Home » Jazz Articles » Album Review » William Parker: Universal Tonality

6

William Parker: Universal Tonality

By

Sign in to view read count
William Parker: Universal Tonality
Bassist William Parker has originated a personal philosophy which he calls Universal Tonality. He expresses his idea thus: "all sounds, like human beings, come from the same place. They have different bodies and faces, but the soul of each sound comes from the same perfect 'creation.'" The near two-hour double album which bears the same name (also aptly chosen for the title of Cisco Bradley's 2021 Parker biography) represents one of the first occasions on which Parker put his theory to the test.

It presents a 2002 live recording from NYC's Roulette featuring a 17-strong ensemble which includes a host of Parker stalwarts including reedmen Daniel Carter and Rob Brown, drummer Gerald Cleaver and pianist Dave Burrell, veterans like percussionists Jerome Cooper and Roger Blank, as well as less regular collaborators Miya Masaoka and Jin Hi Kim on types of zither, koto and komungo respectively.

Although he provided scores, largely graphic, extracts from which are reproduced in the liners, Parker gave his crew leeway to ignore them if and when they saw fit. He gave vocalist Leena Conquest the same freedom to select from his various writings and lyrics, and indeed she does so in such an inspired fashion, reciting or singing with such confidence and poise that her wonderfully soulful voice forms an integral part of the performance. She is largely responsible for carrying the melodies, though whether the orchestra modulates to the shape of Conquest's refrains or vice versa is impossible to determine.

Parker's charts for the most part are loosely sketched, sometimes manifesting in little more than vamps or feels. But they still offer sufficiently solid grounding to hold the ensemble together in a swirl of potentially clashing textures which somehow do not clash. In that he is helped by having a core of performers who are well versed in his methods, whether with his Little Huey Creative Music Orchestra, or in other outfits. At certain points Parker masterminds distinctive colors from his group, like the sequences for zithers and other strings, including the violins of Jason Kao Hwang and Billy Bang, or the sections of massed horns.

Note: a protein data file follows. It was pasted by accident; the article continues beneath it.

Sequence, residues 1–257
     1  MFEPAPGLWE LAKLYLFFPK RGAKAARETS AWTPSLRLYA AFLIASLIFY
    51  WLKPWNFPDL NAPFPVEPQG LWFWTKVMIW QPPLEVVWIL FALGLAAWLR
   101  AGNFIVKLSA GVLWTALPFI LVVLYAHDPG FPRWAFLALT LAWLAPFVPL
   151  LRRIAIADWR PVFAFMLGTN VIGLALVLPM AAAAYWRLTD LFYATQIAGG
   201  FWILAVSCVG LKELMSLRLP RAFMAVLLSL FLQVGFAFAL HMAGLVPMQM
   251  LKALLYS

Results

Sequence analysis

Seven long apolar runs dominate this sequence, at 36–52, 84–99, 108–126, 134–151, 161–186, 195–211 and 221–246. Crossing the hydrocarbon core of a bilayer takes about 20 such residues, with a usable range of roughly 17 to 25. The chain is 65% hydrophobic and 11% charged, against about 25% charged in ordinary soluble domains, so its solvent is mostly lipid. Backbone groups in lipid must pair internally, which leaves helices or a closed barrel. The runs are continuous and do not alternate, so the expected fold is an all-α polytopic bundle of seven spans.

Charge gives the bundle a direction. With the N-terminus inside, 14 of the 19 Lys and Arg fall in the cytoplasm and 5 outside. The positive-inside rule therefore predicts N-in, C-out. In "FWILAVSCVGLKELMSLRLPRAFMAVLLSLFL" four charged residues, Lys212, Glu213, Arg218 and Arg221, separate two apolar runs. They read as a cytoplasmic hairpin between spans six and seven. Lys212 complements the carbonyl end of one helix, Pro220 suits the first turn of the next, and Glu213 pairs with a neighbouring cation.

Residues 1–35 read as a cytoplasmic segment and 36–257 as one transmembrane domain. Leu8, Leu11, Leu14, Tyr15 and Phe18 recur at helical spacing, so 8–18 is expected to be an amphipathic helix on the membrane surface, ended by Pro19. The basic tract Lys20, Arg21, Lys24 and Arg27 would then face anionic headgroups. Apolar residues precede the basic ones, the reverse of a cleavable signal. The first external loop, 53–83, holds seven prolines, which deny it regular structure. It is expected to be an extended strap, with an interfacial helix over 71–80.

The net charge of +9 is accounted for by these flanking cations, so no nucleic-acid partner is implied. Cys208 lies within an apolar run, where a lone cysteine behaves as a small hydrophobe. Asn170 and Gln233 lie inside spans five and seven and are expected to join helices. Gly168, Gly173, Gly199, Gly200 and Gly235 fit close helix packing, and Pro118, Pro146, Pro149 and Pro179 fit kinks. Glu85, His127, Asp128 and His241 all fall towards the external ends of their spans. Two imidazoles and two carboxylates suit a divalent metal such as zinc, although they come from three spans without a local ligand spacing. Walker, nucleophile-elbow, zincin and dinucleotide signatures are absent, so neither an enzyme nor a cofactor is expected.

Such ensemble passages are surely Parker's focus as, while there are solos, they do not play a major role, until the central portion of the final "Open System One" where the alto saxophones of Carter and Brown stretch out in thrilling style. Elsewhere instrumental leads fluctuate, the identities of the changing participants helpfully delineated in the sleeve notes. Trombonist Steve Swell declaims unhurriedly over much of the opening "Tails Of A Peacock" before being subsumed by the glorious noise of the horn chorus, while Cooper's raw chirimia (a South American double reed) blows a clarion wail to introduce "Silver Sunshine" and Joe Morris' guitar plays call and response with the collected strings at the outset of "All Entrances."

Over the course of the six lengthy multi-segmented pieces, Parker makes a persuasive argument for his philosophy, one in which unexpected combinations of sound meld into expansive but never less than engaging tableaux.

Track Listing

Tails Of A Peacock; Cloud Texture (death has died today); Leaves Gathering (headed back to tree); Silver Sunshine; All Entrances (it is for you the sun rises); Open System One.

Personnel

Additional Instrumentation

Matt Lavelle: trumpet; Grachan Moncur III: trombone; Steve Swell: trombone; Rob Brown: alto sax; Cale Brandley: tenor sax; Daniel Carter: reeds, brass; Jin Hi Kim: komungo; Miya Masaoka: koto; Billy Bang: violin; Jason Kao Hwang: violin; Joe Morris: guitar; Dave Burrell: piano; Jerome Cooper: balafon, chirimia; Roger Blank: balafon; Gerald Cleaver: drums; Leena Conquest: voice.

Album information

Title: Universal Tonality | Year Released: 2022 | Record Label: Centering Records / AUM Fidelity


< Previous
Codes of Nature

Comments

Tags


For the Love of Jazz
Get the Jazz Near You newsletter All About Jazz has been a pillar of jazz since 1995, championing it as an art form and, more importantly, supporting the musicians who create it. Our enduring commitment has made "AAJ" one of the most culturally important websites of its kind, read by hundreds of thousands of fans, musicians and industry figures every month.

You Can Help
To expand our coverage even further and develop new means to foster jazz discovery and connectivity we need your help. You can become a sustaining member for a modest $20 and in return, we'll immediately hide those pesky ads plus provide access to future articles for a full year. This winning combination will vastly improve your AAJ experience and allow us to vigorously build on the pioneering work we first started in 1995. So enjoy an ad-free AAJ experience and help us remain a positive beacon for jazz by making a donation today.

More

Mosaic
Nicole McCabe
Silently Held
Chantal Acda
Steppin' Out
The New Wonders
Hills & Valleys
Superlocrian

Popular

Get more of a good thing!

Our weekly newsletter highlights our top stories, our special offers, and upcoming jazz events near you.